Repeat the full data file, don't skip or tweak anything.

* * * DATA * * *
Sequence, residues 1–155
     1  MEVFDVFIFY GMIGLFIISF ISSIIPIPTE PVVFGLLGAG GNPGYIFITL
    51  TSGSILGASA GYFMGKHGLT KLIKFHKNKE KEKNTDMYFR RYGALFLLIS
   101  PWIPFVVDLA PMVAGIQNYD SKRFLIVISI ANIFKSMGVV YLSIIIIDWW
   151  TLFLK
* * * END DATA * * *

Sequence, residues 1–155
     1  MEVFDVFIFY GMIGLFIISF ISSIIPIPTE PVVFGLLGAG GNPGYIFITL
    51  TSGSILGASA GYFMGKHGLT KLIKFHKNKE KEKNTDMYFR RYGALFLLIS
   101  PWIPFVVDLA PMVAGIQNYD SKRFLIVISI ANIFKSMGVV YLSIIIIDWW
   151  TLFLK